A casino (or gaming hall) is a place where people can play various games of chance for money. It is also a place where people can bet on sporting events and other things. In some countries casinos are regulated and operated by government agencies. In others they are unregulated and operate in a legal grey area.

The first casinos were private parties hosted by Italian aristocrats in rooms known as ridotti [source: Schwartz]. Though gambling almost certainly predates recorded history, the casino as we know it did not develop until the 16th century when a casino craze swept Europe. This coincided with a boom in the availability of dice, from primitive protodice to the carved six-sided variety.

Casinos earn their income from the statistical advantage they build into every game they offer. This advantage may be as little as one or two percent, but it accumulates over millions of bets and allows the casinos to finance fountains, towers and replicas of famous landmarks. Casinos also make money from the high-speed, high-volume cash transactions that occur at slots and video poker machines.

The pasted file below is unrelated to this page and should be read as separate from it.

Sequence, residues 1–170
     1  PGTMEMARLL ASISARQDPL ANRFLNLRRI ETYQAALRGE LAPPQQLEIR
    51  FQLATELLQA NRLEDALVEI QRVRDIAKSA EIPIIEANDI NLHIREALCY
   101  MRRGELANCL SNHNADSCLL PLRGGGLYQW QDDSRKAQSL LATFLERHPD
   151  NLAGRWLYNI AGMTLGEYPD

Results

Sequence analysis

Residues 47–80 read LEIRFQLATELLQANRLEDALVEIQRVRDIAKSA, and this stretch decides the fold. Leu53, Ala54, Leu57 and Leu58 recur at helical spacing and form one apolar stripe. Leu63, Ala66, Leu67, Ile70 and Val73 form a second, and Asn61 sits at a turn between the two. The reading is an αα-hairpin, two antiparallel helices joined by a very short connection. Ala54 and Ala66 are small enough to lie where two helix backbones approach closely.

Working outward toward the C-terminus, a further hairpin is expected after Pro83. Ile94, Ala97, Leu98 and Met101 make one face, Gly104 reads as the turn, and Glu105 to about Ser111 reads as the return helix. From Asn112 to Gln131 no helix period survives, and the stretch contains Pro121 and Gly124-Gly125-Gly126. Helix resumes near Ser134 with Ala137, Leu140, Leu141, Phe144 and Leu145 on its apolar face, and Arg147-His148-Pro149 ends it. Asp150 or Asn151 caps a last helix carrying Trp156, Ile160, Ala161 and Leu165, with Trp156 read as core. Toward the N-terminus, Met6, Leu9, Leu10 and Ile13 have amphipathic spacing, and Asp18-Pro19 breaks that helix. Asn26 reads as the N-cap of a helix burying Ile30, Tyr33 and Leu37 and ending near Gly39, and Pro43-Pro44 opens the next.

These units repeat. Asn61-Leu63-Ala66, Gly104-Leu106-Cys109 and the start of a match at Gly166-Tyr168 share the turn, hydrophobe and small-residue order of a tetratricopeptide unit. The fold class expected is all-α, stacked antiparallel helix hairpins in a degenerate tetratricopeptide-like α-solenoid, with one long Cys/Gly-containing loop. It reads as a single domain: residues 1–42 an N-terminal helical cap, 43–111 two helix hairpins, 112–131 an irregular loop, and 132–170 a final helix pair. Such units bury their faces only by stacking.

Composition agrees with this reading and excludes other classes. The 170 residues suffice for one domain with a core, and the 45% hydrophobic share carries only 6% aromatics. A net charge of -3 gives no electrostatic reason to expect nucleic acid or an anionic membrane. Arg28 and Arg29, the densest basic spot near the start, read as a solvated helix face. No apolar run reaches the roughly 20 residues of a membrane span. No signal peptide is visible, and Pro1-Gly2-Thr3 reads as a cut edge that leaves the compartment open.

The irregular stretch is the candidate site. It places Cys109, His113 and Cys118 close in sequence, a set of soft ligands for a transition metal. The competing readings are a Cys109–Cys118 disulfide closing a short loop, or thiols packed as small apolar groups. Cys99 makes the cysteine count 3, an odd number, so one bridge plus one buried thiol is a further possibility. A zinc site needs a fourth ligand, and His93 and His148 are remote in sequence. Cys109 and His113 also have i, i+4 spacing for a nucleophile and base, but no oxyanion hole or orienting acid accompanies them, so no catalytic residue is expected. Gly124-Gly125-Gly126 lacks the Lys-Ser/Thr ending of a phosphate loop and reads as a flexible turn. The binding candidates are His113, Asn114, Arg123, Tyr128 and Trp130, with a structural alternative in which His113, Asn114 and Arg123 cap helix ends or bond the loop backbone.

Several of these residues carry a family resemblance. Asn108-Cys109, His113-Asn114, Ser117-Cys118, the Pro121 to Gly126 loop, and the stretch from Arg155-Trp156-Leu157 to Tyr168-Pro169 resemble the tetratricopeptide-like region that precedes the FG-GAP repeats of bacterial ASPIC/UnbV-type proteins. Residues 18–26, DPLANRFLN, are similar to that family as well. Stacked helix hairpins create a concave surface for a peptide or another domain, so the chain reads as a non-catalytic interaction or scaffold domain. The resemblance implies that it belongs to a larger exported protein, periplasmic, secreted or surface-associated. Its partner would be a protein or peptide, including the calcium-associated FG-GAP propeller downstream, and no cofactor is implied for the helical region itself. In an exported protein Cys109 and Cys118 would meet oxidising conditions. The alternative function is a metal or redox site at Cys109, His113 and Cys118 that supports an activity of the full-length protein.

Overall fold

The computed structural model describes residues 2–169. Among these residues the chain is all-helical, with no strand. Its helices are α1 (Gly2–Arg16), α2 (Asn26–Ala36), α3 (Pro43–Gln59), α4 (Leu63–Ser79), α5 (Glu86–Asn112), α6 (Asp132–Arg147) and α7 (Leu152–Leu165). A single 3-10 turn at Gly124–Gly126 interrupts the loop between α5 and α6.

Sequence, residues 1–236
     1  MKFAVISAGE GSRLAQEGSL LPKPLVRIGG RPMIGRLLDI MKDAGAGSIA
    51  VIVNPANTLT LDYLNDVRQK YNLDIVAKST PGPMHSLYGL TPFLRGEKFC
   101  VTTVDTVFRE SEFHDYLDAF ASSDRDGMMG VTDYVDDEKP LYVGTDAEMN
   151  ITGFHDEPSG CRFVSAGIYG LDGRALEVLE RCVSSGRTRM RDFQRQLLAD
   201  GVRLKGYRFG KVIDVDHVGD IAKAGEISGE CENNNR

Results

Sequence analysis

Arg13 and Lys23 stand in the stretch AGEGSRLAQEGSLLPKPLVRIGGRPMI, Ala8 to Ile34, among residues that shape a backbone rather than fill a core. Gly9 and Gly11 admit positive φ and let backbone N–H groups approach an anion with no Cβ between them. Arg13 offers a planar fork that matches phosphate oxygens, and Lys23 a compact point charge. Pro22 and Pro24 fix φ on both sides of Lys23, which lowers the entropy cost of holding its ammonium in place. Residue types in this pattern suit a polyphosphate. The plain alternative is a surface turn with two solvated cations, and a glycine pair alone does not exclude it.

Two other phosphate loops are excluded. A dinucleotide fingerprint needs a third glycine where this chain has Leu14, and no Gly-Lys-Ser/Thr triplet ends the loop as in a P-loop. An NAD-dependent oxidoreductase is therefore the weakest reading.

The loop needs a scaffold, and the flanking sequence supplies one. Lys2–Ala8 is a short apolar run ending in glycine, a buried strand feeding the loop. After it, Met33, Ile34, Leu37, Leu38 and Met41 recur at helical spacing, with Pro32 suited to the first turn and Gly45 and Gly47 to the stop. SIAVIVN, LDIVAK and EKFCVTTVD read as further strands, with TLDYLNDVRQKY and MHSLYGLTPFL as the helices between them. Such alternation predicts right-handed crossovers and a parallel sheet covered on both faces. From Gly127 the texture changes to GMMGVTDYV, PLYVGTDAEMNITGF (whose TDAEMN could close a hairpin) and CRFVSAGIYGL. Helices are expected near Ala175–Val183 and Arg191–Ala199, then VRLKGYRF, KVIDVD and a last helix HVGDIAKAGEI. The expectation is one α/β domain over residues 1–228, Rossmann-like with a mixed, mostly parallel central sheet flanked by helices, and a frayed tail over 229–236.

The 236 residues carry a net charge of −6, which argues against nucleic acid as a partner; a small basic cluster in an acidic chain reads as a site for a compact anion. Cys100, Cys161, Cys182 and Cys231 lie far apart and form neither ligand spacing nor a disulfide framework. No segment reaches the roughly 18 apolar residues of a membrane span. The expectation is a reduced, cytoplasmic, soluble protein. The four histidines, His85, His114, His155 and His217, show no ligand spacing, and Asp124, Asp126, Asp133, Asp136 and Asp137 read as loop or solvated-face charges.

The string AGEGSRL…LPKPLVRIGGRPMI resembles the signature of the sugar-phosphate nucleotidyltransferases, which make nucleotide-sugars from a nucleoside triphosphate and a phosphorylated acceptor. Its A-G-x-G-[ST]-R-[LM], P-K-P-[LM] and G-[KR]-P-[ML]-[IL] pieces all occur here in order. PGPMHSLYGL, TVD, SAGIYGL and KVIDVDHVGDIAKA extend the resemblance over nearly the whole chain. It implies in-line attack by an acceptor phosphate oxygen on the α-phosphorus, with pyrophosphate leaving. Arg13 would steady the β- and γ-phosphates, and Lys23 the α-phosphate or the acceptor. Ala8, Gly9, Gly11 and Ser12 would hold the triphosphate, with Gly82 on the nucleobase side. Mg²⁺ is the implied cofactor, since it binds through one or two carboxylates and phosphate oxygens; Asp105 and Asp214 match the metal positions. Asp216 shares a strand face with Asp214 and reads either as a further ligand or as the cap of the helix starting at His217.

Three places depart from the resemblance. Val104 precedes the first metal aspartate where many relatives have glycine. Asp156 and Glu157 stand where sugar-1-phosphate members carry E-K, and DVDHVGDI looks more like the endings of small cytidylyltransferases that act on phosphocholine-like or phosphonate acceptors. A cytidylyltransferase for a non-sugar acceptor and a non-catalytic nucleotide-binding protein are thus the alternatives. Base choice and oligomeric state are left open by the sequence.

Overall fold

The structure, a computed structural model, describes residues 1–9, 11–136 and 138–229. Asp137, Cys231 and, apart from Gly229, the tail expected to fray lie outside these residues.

Because large amounts of currency move through a casino, both patrons and employees may be tempted to cheat or steal, either in collusion or independently. To counter these tendencies, casinos employ numerous security measures. These include cameras throughout the building, and elaborate systems that give surveillance personnel a high-tech “eye in the sky” of the entire casino floor, changing window and doorway.